Then, where you really start to get into problems is when you go down the road of embargoes and boycotts and big supply chain disruptions. Imagine if you're a company operating in the U.S., or anywhere for that matter, and all of a sudden the price of your inputs goes up a ton. Or maybe you can't even get the inputs that you need to produce your product.
Will McKenna: Right.
Darrell Spence: That's an environment where you cut back on business investment, you start laying off workers. And that's the type of stuff that can ultimately lead to a recession.
And even further, the trade outlook has gotten a little more muddied with the proposition that would put tariffs on Mexican imports for non-trade or non-economic reasons — basically immigration. So in my mind, that suggests that the potential targets for tariffs, and the rationale for imposing them, [are] now broadening.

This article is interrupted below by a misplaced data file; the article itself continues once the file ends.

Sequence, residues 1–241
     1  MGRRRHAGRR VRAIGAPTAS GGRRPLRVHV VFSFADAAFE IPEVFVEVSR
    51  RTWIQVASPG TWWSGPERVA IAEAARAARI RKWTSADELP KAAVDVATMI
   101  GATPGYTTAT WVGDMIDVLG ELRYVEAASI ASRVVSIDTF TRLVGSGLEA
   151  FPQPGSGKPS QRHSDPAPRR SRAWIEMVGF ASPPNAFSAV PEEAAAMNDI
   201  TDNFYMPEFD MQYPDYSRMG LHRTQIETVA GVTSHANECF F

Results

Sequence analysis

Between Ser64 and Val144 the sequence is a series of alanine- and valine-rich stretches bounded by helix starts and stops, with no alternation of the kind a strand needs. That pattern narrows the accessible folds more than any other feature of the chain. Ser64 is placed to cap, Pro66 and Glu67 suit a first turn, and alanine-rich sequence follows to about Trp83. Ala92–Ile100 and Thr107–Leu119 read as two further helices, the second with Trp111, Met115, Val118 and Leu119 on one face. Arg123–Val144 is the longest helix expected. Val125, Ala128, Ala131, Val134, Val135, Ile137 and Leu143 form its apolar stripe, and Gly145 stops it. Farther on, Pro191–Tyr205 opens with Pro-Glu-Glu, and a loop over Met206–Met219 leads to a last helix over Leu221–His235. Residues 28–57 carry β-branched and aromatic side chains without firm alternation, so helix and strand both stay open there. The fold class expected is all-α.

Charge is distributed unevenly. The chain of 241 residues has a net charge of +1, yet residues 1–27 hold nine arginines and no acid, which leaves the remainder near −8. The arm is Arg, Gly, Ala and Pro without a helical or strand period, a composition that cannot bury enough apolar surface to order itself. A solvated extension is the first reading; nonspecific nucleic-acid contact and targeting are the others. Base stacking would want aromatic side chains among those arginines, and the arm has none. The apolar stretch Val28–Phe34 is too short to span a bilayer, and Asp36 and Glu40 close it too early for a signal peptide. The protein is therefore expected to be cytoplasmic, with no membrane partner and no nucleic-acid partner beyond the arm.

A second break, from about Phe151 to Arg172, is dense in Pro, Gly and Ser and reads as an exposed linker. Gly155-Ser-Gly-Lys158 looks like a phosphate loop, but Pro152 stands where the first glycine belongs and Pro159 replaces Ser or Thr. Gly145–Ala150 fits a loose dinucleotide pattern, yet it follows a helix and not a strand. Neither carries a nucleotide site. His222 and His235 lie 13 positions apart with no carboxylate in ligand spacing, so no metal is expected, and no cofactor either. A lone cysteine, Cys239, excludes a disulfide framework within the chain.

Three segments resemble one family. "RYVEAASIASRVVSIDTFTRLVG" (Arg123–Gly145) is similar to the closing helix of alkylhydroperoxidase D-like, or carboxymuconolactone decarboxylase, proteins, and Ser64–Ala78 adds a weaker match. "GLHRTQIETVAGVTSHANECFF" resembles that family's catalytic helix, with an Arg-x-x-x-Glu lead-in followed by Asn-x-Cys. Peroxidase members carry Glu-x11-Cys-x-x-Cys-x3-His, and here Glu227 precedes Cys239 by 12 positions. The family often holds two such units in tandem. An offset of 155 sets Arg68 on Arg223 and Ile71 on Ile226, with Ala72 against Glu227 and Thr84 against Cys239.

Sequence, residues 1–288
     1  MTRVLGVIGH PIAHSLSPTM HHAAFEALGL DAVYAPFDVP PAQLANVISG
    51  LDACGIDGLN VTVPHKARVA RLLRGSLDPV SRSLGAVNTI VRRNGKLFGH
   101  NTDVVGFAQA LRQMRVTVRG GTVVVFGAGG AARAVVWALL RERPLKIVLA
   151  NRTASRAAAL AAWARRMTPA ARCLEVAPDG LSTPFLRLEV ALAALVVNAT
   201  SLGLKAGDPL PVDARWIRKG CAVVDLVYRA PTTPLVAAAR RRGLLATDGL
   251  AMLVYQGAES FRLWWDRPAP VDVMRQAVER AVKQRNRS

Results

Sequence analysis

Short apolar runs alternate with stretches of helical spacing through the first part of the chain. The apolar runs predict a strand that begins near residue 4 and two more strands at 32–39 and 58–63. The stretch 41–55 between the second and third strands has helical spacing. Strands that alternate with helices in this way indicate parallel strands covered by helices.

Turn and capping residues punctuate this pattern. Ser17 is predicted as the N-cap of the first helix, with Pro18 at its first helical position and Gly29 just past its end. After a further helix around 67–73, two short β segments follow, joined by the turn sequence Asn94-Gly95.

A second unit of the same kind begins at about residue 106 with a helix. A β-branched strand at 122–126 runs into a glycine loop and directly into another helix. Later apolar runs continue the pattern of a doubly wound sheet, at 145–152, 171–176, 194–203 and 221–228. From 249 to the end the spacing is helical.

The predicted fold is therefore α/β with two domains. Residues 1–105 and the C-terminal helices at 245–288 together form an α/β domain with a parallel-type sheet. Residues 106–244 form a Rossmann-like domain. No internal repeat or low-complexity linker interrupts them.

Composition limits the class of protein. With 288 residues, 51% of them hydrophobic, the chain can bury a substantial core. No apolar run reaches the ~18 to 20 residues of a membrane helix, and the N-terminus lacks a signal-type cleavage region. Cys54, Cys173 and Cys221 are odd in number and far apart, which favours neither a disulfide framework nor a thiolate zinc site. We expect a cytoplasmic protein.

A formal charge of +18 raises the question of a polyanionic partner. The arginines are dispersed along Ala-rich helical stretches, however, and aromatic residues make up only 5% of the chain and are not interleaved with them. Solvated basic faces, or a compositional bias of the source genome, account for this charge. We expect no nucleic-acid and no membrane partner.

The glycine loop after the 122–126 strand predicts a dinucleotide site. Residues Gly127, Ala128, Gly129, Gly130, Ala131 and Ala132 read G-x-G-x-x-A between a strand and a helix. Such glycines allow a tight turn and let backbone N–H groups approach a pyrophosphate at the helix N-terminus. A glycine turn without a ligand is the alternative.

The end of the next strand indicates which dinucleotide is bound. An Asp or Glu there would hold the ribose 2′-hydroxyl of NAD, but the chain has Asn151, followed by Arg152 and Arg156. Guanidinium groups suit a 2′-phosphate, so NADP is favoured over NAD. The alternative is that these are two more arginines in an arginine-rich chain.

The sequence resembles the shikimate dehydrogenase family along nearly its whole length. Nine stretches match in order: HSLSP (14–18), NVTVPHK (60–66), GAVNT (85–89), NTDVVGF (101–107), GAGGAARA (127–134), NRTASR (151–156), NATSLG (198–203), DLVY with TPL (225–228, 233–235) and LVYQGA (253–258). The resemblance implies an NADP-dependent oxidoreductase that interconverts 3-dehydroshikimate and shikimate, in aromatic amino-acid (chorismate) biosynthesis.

Will McKenna: It’s growing.
Darrell Spence: Yeah. And at the end of the day, our base case is still that nobody really benefits from a big slowdown in economic or global activity, and so the escalation will be a bit more limited. But I have to admit that the uncertainty inherent in that call is really, really growing. So you do have what would normally be a fundamentally healthy U.S. economy that has to deal with this trade uncertainty that has the potential to be very disruptive.
Will McKenna: That's a great overview of where we stand in the U.S. And I know you don't follow Europe, China, those markets directly — your colleagues do — but I know you know enough about them to help represent their views and your own views here. So maybe just give us kind of a quick tour of the world, as you see those economies at this point in the cycle.